Your church is planning a capital project…and you have been given the unenviable task of managing the fundraising. The congregation have been doing their bit with cake sales, quizzes, auctions and bingo nights in full swing, and now there’s some money in the church coffers, it’s time to start approaching grant-funders, including Benefact Trust!
The nature of the project will, of course, have a bearing on who you can apply to, and it’s vital you do some preliminary research to avoid wasting your time filling in an application that’s doomed to fail because you don’t meet the funders’ criteria. The about us, what we fund and how to apply pages are a useful source of information, particularly the FAQs.
Even if you have a pretty good idea that your project will be eligible for funding from a particular grant-giver, it’s really important to look beyond ticking boxes before you even start to put pen to paper, or fingers to keyboard in our case! When you have a stack of application forms to fill in and you have a million jobs on your list, it’s tempting to think a ‘copy and paste’ job will do, but we know from experience that planning and perfect timing are the best route to success.
Every month, we’ll receive more than 100 applications and while we say yes to around 90% due to our commitment to support as many causes as we can, often giving smaller grants, other funders support far fewer projects. That’s why it’s vital to make your application stand out from the crowd. Think about the person reading it…you want to make them smile, not sigh!
Most importantly though, think about the organisation they represent and what they stand for. Look at their website and read the case studies and news stories about the projects they have previously supported. It will give you a good idea about the causes they are passionate about and love to shout about. You need to think about how your project fits with their mission and their values and ensure that’s front and centre in your application. If you are still not clear after reading their website, pick up the phone to them. There’s no substitute for some friendly advice. It saves our time and yours in the long run!
I’ll tackle what to put in your form in a later blog, but for now, I’ll just say that, as a grants officer, the most frustrating forms to read are those when you get to the end and you’re still not entirely clear what the applicant is asking for money for! Most funders will have word counts on their forms so you need to make every one count! What we really want to know is what the impact of your project will be on your congregation and community and how will it change people’s lives and perhaps promote church growth; not so much that you ran a Sunday school in 1982…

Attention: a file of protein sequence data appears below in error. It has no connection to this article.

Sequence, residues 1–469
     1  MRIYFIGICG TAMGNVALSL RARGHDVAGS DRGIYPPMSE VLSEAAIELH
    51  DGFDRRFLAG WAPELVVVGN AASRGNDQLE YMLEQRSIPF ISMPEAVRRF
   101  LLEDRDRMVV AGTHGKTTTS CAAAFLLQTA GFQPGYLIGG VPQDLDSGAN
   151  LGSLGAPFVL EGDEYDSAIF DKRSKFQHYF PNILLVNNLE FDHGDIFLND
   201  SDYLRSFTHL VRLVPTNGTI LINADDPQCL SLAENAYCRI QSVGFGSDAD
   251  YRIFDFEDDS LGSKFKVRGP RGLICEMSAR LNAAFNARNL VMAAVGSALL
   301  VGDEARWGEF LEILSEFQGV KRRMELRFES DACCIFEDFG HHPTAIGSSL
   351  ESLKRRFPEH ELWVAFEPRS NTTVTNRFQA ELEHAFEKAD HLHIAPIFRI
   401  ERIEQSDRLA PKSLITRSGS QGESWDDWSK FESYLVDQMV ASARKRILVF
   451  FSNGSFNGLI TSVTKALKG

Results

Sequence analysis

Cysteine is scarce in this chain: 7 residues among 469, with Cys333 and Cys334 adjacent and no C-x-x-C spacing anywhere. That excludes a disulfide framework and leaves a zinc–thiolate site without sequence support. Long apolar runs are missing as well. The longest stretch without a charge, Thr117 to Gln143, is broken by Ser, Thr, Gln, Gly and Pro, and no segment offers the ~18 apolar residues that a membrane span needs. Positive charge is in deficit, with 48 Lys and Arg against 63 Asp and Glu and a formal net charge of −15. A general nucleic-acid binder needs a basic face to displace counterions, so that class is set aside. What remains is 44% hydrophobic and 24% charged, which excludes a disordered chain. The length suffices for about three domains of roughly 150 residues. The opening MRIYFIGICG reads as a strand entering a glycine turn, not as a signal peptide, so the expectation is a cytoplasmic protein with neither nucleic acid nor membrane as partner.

Back to the perfect planning though. Your funder will want to know that your project will fulfil a real, rather than simply a perceived, need. Sharing the results of a survey of your local community can be a great way of supplying that evidence and showing the likely reach of your project. Just like every other charity, your grant-giver needs to demonstrate its impact, so why not help them out by showing them what yours will be if you get the money? You could even source some quotes from people who will benefit. The human story is almost always the most interesting. Evidence that you have explored the potential of partnerships, including with other churches, and learned from best practice, is also a powerful persuader.
The other key element is timing. Some grant-givers prefer to give grants early in the project planning phase, and others would rather help plug a funding gap further down the line. One thing is for sure though; they all need reassurance that your project will be sustainable once it is complete and that your fundraising efforts have a strong chance of success, so you’ll need to do everything you can to show them that’s the case.
When it comes to Benefact Trust, we tend to have a lower threshold than most (for funds already raised), and we often hear from our beneficiaries that our grant kick-started their fundraising, encouraging others to come on board because we had shown faith in their project. That’s always great to hear, but it’s also a clear indication that staggering your applications can be a really sensible thing to do. So don’t drown trying to fill in 10 forms in one go!
And finally, here’s the boring bit, but its sound advice that will save you time and boost your chances. Read through the entire application form before you start filling it in. That way, you can ensure you will have all the practical information you need to hand so that you don’t have to keep coming back to it, and you can think carefully about what fits best in each section. Reading duplicated content is another surefire way to turn a grants officer’s smile upside down!